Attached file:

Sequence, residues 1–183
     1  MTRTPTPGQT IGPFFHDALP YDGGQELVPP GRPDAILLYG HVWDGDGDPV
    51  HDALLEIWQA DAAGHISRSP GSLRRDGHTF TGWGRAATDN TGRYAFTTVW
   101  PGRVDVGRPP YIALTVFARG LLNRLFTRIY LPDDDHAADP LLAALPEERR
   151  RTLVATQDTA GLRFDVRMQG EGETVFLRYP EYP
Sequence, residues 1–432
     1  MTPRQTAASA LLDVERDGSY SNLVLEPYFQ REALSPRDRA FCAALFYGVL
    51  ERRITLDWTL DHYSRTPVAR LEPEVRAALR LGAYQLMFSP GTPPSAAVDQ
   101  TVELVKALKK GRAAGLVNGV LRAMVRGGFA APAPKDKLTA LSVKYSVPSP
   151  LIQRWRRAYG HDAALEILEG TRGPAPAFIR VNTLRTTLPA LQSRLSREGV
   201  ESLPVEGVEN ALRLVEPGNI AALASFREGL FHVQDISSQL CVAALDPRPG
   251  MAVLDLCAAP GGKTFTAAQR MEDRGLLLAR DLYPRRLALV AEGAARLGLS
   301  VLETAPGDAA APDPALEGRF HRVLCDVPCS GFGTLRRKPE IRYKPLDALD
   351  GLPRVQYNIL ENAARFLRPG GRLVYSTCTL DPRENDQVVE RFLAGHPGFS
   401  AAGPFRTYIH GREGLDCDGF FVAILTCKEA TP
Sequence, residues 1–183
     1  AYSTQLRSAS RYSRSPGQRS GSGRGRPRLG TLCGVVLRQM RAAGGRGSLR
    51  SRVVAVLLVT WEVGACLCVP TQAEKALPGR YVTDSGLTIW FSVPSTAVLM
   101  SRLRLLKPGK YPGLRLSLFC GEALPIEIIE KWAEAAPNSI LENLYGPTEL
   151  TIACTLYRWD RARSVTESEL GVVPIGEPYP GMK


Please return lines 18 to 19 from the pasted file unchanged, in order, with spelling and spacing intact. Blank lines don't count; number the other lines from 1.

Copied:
    51  SRVVAVLLVT WEVGACLCVP TQAEKALPGR YVTDSGLTIW FSVPSTAVLM
   101  SRLRLLKPGK YPGLRLSLFC GEALPIEIIE KWAEAAPNSI LENLYGPTEL